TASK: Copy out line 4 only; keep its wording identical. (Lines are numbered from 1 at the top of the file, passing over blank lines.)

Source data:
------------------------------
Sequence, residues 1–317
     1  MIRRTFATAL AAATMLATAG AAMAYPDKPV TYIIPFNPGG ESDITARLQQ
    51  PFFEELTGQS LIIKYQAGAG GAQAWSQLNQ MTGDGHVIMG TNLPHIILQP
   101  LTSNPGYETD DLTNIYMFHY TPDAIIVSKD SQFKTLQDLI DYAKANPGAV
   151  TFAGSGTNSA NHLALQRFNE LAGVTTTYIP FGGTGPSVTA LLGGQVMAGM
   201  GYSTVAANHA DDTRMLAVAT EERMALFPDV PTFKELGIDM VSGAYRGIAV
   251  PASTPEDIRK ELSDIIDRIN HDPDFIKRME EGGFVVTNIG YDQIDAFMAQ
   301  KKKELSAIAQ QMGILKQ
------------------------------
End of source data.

   101  LTSNPGYETD DLTNIYMFHY TPDAIIVSKD SQFKTLQDLI DYAKANPGAV